Prince Harry has given an extraordinary and unprecedented interview about his personal life and mental health, in which he has lifted the lid on the “total chaos” his life became in his mid-20s as he struggled to come to terms with the death of his mother, Princess Diana.
In a remarkable and candid interview with Bryony Gordon from the Daily Telegraph in support of the Heads Together mental health charity, which he now champions along with Prince William and Kate Middleton, Harry revealed that he suffered panic and rage attacks and was close to a “complete breakdown” on several occasions, and that things only began to change for him after he sought professional help from a “shrink.”
The 30-minute conversation, released by the Telegraph as a podcast, undoubtedly ranks as one of the most candid insights into the troubled inner world of a senior royal ever made public.
Although Prince Charles opened up to his biographer Jonathan Dimbleby about the perceived failings of his parents and his anger toward them, the level of detail and the searing honesty Harry has put on display in this new interview is unprecedented for the traditionally reserved royal family.
His remarks will, of course, invite comparison with Princess Diana, who spoke openly about her struggles with bulimia (among other issues, such as her husband’s adultery) in her famous Panorama interview. Diana’s frank and honest acknowledgement of her eating disorders did much to move forward discussion of the issue.
Harry’s comments are all the more remarkable, however, as while his mother was arguably motivated by anger, Harry seems to have as his only objective the desire to help other people by encouraging them to seek help by discussing their problems with professionals.
Harry noticeably began to speak about his mother and her legacy last year while promoting the Invictus Games, and this new interview goes some way to explaining how and why that happened.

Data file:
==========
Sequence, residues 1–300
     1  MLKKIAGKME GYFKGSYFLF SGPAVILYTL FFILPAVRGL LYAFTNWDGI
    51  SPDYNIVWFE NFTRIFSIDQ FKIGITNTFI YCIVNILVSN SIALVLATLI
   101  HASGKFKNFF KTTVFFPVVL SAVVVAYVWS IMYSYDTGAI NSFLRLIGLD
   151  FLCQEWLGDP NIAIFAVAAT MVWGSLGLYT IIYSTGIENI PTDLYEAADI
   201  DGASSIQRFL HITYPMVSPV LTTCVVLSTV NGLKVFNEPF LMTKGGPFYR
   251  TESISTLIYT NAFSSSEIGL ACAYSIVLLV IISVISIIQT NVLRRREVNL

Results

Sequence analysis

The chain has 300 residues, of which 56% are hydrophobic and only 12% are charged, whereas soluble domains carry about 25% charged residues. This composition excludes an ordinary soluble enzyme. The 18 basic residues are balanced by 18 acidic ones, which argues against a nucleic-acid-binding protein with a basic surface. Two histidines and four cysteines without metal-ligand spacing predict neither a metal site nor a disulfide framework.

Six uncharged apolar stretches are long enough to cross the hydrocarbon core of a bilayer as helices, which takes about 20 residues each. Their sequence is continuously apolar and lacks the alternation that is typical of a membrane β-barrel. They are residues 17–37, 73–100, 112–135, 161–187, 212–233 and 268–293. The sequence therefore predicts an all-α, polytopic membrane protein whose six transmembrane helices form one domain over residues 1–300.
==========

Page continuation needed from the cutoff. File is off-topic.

Harry, who was 12 when his mother died, said in the podcast that he spent his teenage years and 20s in denial and “shutting down” about her death.
“I can safely say that losing my mum at the age of 12, and therefore shutting down all of my emotions for the last 20 years, has had a quite serious effect on not only my personal life but my work as well,” he said.
“I have probably been very close to a complete breakdown on numerous occasions when all sorts of grief and sort of lies and misconceptions and everything are coming to you from every angle.”
Asked whether he had been to see a “shrink” to offload his thoughts, he said: “I’ve done that a couple of times, more than a couple of times, but it’s great.”
He said he had also struggled with anger issues, commenting: “During those years I took up boxing, because everyone was saying boxing is good for you and it’s a really good way of letting out aggression.”
“And that really saved me because I was on the verge of punching someone, so being able to punch someone who had pads was certainly easier,” he added.
Harry said William told him: “Look, you really need to deal with this. It is not normal to think that nothing has affected you.”
When it came to Diana’s death, Harry said in the podcast, “My way of dealing with it was sticking my head in the sand, refusing to ever think about my mum, because why would that help?
“[I thought] it’s only going to make you sad, it’s not going to bring her back.
“So from an emotional side, I was like, ‘Right, don’t ever let your emotions be part of anything.’
“So I was a typical 20-, 25-, 28-year-old running around going ‘life is great,’ or ‘life is fine’ and that was exactly it.
“And then [I] started to have a few conversations and actually all of a sudden, all of this grief that I have never processed started to come to the forefront and I was like, there is actually a lot of stuff here that I need to deal with.”
He said he endured “two years… of total chaos,” adding, “I just couldn’t put my finger on it… I just didn’t know what was wrong with me.”
Harry spoke at length about the positive upshot of finally learning to talk about his issues: “The experience I have had is that once you start talking about it, you realize that actually you’re part of quite a big club,” he said.